Eireamon
May. 29, 2011, 05:54 AM
http://s284.photobucket.com/albums/ll32/Emeraldpark/?action=view&current=199859_10150116241181721_628326720_6708118 _145862_n.jpg


This is him

workinggirl
May. 29, 2011, 07:48 AM
Oh gosh, he's a cutie! Sometime I wonder if some personalities (of horse) is just not suited for the job at hand! I had a lazy horse (draft/tb) that I wanted to do the 3 foot hunters with. It just felt like I was carrying him around. He got a new Mom that loves to trail ride and take it easy and I got a new horse with a little more go. I tried with him, and he did get better but still I felt like I was cantering backwards, I give the go signal and he would slow down!

BaroquePony
May. 29, 2011, 09:24 AM
Well, he certainly is gorgeous.

I hope you don't mind this, but if you were wearing spurs in that photo you would be poking him all of the time. You probably should loosen up your ankles and turn your toes in (your ankles should move out and off the horse).

I would like to further critque your position, but I do not want to do so on the board without your permission.

How long was he used for vaulting? They like slow, rythymic and steady.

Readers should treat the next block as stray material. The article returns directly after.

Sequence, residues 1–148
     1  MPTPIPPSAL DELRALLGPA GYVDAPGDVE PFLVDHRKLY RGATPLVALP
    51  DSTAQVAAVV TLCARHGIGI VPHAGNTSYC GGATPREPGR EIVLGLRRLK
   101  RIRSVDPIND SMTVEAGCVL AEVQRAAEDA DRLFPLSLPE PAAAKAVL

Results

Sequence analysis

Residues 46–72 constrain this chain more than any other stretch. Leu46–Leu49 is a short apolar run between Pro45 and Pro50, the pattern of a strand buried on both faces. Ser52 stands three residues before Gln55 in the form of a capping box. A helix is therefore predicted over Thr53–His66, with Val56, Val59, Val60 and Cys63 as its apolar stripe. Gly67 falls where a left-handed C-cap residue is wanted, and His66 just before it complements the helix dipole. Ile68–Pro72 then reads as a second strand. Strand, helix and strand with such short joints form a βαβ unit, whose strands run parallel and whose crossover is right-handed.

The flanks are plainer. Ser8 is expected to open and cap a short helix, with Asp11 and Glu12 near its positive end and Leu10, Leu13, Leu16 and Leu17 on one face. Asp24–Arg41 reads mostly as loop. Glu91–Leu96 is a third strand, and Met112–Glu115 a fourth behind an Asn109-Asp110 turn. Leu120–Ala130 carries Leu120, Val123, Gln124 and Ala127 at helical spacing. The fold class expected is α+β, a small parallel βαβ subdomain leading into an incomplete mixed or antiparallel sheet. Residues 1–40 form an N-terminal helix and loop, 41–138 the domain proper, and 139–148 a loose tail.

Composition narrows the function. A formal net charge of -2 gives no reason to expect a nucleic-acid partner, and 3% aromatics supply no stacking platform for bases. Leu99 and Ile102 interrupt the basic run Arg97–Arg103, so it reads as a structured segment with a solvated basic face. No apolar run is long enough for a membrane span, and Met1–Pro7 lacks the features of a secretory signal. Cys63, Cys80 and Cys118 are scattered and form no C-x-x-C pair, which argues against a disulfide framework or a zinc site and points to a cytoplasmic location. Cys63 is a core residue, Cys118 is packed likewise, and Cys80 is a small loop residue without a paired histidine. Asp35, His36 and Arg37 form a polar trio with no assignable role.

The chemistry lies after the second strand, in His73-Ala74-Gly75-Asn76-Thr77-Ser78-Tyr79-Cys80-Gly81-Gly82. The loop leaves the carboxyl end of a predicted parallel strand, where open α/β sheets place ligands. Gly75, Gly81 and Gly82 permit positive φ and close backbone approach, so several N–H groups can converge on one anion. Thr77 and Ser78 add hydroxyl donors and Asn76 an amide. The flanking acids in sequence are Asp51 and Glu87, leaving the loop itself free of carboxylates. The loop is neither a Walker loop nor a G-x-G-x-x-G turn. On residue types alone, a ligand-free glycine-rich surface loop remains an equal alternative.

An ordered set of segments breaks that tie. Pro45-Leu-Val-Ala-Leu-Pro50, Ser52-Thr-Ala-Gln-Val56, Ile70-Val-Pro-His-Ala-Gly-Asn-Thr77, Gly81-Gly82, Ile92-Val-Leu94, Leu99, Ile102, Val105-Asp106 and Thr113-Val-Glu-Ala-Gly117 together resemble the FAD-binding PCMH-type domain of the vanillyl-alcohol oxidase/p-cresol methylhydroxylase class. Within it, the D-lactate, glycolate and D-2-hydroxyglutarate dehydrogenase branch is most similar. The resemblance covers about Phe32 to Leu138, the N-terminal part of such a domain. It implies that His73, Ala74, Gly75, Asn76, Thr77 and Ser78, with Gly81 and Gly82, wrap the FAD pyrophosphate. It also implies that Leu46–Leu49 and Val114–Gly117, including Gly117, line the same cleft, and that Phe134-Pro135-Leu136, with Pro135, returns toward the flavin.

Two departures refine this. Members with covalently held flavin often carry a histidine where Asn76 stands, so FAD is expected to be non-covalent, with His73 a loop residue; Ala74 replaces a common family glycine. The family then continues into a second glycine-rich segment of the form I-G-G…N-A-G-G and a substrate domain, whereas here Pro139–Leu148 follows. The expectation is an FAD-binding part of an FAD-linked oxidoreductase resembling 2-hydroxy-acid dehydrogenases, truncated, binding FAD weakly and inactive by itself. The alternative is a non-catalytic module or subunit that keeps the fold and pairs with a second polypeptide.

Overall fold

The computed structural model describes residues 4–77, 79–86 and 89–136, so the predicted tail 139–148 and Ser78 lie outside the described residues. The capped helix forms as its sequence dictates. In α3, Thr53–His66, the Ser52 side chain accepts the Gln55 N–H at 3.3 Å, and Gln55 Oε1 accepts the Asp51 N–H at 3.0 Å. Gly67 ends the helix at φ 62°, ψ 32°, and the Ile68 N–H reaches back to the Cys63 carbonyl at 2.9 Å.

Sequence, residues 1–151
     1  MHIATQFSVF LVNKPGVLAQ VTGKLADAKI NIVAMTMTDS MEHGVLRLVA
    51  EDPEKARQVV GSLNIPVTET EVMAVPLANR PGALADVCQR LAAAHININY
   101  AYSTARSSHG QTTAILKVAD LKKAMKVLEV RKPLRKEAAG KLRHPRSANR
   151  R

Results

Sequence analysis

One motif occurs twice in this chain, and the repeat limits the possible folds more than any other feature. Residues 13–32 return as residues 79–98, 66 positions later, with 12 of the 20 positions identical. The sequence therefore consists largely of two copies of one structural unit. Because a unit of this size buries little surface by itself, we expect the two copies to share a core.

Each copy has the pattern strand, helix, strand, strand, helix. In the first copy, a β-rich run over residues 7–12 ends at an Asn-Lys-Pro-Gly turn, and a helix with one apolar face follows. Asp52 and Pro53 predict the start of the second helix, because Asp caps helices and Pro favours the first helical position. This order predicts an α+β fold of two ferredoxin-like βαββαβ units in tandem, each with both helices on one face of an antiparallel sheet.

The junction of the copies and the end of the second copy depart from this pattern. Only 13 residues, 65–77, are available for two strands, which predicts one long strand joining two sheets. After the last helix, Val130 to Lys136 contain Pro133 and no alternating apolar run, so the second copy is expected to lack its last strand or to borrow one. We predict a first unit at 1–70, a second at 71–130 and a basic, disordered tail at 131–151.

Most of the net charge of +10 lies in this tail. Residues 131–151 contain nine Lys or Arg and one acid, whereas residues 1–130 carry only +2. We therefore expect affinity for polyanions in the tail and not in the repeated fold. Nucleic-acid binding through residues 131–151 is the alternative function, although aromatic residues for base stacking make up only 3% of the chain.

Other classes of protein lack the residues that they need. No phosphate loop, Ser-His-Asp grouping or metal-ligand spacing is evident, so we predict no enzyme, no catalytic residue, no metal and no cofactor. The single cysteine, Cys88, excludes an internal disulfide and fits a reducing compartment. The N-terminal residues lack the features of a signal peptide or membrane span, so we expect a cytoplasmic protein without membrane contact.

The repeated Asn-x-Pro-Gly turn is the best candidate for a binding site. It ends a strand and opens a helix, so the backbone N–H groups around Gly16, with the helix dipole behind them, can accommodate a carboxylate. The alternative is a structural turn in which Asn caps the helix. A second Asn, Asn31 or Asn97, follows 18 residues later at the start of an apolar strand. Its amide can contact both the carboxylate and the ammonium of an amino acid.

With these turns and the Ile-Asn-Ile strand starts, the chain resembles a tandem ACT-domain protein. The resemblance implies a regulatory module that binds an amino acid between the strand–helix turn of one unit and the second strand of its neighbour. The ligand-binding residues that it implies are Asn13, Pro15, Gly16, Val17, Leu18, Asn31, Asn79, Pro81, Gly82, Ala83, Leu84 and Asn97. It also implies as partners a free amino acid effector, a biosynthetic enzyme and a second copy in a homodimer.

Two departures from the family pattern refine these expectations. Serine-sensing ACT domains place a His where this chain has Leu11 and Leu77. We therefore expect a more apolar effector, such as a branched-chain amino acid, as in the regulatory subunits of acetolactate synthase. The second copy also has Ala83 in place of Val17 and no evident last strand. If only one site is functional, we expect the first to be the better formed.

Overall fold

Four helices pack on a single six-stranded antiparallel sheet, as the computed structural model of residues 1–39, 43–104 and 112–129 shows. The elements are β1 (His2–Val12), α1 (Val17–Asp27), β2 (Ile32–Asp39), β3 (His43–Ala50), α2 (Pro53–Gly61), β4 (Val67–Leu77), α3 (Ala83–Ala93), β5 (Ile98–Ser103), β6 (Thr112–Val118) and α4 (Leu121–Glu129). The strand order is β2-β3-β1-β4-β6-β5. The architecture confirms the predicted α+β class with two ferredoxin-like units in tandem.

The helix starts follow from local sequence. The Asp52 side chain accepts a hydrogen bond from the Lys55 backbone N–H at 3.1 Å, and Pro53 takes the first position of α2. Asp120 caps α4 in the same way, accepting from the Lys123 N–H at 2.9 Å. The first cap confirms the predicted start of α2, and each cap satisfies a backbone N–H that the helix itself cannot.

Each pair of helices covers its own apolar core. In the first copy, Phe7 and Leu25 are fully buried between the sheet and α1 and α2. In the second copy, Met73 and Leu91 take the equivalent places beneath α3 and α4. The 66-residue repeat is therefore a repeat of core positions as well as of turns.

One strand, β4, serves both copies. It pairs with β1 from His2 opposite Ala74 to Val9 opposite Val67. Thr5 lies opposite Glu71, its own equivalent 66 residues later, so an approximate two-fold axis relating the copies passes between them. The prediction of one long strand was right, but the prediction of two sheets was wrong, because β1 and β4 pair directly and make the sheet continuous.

One of the things that I have noticed with my Cob (and I have been told by people who breed and work with them all of the time, that mine is very typical) is the thick hide. Mine doesn't wiggle his skin like a regular horse when flies land on him. He doesn't care about regular horse flies. He goes ballistic over the very painful deer flies and some of the other bloodsucking flies that we have here. He will gallop, buck or bite them off.

I think there is a difference in how a Cob responds to the aids. However, they will respond once you figure out how to explain what you want and expect without insulting them or making them resent you. I wasn't used to this aspect. I am much more careful about it now.

That does NOT mean that I don't give him a sharp smack with the whip or (gasp) a series of major yanks with a very mild french link bit, but he always knows why. They have a VERY strong sense of justice. My veterinarian saw that the first time he met my out-of-control new pony.

I pay attention to all of the tiny little facial and ear gestures. Max was depressed when I finally got him. He is no longer depressed. You could see it in his face and his ears were back more than they were forward. He just looked *dark* and not *chipper*.

I'm not saying that your Cob might not just be lazy by genetics, but I think that there are a number of things that you haven't tried yet.